15 Things Only Chapel Hillians Will Understand

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Screen Shot 2015-12-08 at 1.21.49 PMIf you’re new to Chapel Hill, learn more about the area in the Chapel Hill Magazine Relocation Guide  –> Click Here.

Airport Road The former name of Martin Luther King Jr. Boulevard. Longtime Chapel Hillians still reference it when giving directions.

Chatham While Chapel Hill and Carrboro are in Orange County, Chatham County is immediately south. The drive along U.S. 15-501 into Chatham County includes a few prominent developments. Residents of its county seat, Pittsboro, and nearby Jordan Lake often incorporate Chapel Hill into their lifestyle – and vice-versa.

Dean Dome The Dean E. Smith Center houses the home court of the UNC men’s basketball team.

Eastgate The Shops at Eastgate is an outdoor shopping center located right before Franklin Street and U.S. 15-501 merge heading toward Durham. Its shops include casual restaurants, a Trader Joe’s and clothing and accessories stores.

Fordham Boulevard As U.S. 15-501 crosses over Mt. Carmel Church Road just south of downtown, it becomes Fordham Boulevard. Fordham continues, crosses over N.C. 54 and then merges with Franklin Street before entering the Durham city limits and becoming Durham-Chapel Hill Boulevard.

Franklin Street Chapel Hill’s main drag, divided into East and West by Columbia Street in the heart of town.

Kenan Kenan Memorial Stadium is the home of the Tar Heels’ football team.

Meadowmont A mixed-use community. The main retail village includes a grocery store, banks, boutiques (including one for your dog!) and restaurants for everybody – a burger joint, a pizza spot, a cafe, a coffee shop and one of the nicest restaurants in town.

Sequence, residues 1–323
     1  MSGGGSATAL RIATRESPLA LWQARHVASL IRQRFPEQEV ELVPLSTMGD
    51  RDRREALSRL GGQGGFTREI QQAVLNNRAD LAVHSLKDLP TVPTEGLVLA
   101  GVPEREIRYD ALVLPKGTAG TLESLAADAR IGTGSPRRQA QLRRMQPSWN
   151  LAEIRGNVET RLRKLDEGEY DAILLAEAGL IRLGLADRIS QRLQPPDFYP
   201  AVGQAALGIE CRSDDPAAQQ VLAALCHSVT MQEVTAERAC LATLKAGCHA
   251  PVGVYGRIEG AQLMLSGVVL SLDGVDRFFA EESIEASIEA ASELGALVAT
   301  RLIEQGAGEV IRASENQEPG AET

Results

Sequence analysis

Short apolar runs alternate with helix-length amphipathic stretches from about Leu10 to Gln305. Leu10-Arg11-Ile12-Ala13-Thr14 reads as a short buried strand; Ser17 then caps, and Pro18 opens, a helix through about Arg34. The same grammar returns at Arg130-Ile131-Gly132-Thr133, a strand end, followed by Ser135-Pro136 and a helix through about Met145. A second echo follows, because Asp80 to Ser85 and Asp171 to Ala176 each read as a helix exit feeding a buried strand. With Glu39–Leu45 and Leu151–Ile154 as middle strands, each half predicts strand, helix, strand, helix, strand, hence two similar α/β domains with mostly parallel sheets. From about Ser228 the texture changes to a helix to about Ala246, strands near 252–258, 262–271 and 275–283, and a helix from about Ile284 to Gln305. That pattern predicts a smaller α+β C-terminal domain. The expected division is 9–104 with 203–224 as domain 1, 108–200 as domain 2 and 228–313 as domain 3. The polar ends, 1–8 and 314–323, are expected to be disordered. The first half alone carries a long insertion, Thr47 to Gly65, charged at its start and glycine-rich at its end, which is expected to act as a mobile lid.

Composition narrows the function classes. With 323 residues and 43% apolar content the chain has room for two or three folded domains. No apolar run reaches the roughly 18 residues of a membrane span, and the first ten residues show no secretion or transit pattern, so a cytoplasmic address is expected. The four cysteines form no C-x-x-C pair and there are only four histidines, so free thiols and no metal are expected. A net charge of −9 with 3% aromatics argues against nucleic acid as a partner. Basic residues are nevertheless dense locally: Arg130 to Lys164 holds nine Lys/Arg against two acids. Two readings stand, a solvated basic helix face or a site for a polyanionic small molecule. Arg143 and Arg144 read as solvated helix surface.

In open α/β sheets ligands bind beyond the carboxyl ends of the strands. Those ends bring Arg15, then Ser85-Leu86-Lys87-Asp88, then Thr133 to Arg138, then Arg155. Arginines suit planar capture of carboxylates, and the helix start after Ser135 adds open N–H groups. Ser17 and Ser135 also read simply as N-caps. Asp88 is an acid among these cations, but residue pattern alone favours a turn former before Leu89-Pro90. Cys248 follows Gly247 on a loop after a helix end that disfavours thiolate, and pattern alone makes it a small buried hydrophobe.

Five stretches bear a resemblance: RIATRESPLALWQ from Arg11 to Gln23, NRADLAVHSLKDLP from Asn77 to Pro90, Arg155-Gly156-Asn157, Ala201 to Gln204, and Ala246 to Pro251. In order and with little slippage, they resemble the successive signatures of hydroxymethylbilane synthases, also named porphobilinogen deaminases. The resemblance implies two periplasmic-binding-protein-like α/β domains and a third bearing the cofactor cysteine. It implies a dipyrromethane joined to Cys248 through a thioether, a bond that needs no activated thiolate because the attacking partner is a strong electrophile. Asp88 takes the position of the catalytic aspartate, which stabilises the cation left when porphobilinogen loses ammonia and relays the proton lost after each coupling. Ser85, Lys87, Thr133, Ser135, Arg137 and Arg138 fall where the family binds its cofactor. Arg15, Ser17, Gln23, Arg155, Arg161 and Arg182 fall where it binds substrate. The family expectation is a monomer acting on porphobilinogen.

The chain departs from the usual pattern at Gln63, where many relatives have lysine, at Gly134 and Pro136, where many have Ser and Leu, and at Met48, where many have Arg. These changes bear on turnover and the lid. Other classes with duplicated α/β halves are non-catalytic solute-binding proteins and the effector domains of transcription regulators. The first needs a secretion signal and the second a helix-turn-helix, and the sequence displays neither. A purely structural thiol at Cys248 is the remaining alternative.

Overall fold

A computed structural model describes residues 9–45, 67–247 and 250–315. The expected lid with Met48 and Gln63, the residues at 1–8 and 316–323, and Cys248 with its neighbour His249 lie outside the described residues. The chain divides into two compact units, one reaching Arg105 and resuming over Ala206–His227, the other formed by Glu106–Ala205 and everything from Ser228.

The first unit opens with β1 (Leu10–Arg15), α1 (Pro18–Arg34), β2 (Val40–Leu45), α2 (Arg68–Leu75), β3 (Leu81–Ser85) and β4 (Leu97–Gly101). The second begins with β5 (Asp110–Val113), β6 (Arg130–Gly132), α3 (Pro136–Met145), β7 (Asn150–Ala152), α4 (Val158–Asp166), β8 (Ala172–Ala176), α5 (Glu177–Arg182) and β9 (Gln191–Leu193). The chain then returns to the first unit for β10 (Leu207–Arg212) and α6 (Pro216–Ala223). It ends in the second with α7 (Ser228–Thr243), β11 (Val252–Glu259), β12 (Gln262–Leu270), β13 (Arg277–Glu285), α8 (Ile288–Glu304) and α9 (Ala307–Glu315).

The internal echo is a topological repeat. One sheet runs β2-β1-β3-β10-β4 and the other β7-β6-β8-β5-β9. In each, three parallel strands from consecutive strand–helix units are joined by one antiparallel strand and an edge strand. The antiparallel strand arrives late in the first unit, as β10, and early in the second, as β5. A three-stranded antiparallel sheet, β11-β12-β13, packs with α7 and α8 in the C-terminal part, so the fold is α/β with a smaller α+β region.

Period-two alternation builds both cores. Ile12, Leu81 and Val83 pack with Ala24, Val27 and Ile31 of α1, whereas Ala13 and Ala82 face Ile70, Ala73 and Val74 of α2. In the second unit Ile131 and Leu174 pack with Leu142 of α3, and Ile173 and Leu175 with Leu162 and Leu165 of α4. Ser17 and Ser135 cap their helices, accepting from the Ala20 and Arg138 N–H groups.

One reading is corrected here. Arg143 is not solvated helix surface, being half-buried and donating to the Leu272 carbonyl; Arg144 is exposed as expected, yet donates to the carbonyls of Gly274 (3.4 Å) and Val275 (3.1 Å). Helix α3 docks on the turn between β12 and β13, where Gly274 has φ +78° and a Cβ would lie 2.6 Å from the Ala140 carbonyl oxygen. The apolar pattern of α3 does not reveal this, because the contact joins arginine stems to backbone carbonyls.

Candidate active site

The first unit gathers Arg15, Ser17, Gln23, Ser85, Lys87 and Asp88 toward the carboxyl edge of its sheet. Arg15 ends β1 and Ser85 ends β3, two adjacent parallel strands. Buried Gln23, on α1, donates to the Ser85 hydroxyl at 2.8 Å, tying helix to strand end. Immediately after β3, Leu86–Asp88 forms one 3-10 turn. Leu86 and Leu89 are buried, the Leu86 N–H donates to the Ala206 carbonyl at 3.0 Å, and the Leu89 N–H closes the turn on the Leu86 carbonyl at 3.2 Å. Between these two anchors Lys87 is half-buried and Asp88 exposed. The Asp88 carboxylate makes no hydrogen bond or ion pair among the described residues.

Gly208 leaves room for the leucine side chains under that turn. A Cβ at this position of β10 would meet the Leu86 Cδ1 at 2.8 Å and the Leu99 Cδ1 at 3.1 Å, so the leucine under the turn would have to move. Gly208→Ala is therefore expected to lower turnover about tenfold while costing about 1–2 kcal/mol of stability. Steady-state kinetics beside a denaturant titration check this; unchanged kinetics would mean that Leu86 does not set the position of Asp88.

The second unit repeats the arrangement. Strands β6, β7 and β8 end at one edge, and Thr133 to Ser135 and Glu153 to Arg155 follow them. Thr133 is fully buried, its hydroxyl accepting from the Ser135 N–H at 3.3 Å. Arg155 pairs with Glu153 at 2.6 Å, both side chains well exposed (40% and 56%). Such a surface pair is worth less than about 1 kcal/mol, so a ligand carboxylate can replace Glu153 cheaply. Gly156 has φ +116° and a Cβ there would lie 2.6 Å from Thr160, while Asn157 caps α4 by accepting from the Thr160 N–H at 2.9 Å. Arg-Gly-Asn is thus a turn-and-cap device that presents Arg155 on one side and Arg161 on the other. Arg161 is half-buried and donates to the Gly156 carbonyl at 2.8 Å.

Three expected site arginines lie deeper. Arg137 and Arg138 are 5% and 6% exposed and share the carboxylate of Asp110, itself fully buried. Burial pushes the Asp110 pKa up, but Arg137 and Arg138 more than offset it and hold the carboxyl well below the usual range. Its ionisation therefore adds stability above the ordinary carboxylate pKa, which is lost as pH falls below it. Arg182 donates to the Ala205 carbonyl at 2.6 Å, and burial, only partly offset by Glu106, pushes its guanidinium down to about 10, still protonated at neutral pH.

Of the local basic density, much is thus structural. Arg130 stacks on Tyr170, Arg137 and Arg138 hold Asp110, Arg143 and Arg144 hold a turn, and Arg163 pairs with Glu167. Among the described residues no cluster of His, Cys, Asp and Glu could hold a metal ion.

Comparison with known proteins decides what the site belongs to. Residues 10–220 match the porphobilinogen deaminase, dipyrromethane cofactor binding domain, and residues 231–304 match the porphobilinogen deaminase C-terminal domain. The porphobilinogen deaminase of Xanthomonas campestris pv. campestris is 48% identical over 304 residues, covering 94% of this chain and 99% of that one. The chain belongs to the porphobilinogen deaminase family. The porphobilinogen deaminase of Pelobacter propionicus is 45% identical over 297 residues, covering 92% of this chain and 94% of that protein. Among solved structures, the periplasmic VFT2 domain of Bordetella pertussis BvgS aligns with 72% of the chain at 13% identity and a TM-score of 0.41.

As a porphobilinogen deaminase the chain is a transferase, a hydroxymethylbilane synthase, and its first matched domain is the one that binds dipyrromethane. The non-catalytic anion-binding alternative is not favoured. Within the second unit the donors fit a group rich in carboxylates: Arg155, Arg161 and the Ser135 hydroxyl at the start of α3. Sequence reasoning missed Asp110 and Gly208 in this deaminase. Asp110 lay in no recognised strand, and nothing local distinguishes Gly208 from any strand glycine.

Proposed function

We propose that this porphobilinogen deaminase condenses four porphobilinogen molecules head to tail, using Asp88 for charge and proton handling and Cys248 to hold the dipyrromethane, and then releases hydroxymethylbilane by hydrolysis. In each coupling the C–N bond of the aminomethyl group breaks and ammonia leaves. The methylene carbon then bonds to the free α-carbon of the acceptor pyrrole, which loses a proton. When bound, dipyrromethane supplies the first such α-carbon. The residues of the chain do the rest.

Ramses Named after the star of the 1922 football team Jack Merritt’s nickname “the battering ram,” UNC’s mascot is a ram.

Southern Village Another mixed-use residential and retail community with a movie theater, a community-owned cooperative grocery market and a large green space with a weekly farmers’ market and frequent events.

Tar Heels North Carolina is “The Tar Heel State,” and the nickname has two possible origins. One story is that back during the Revolutionary War, the British troops discovered their feet covered with tar and some say North Carolinians dumped it in the river to slow down the army. An alternate explanation is that during the Civil War, North Carolina soldiers threatened to stick tar on the heels of other states’ retreating soldiers. General Robert E. Lee reportedly praised them saying, “God bless the Tar Heel boys!”

TOPO Top of the Hill Restaurant and Brewery is on the corner of Franklin and Columbia Streets. It occupies the building’s top oor, and the large outdoor patio is renowned for views of town.

Triangle Raleigh, Durham and Chapel Hill, and their interconnecting roads and communities.

University Place Long-timers may still call it by its former name of University Mall (or U-Mall), but University Place has restaurants, a movie theater and stores, including locally iconic Southern Season.

YoPo Franklin Street’s first frozen yogurt spot, The Yogurt Pump, is still a favorite.

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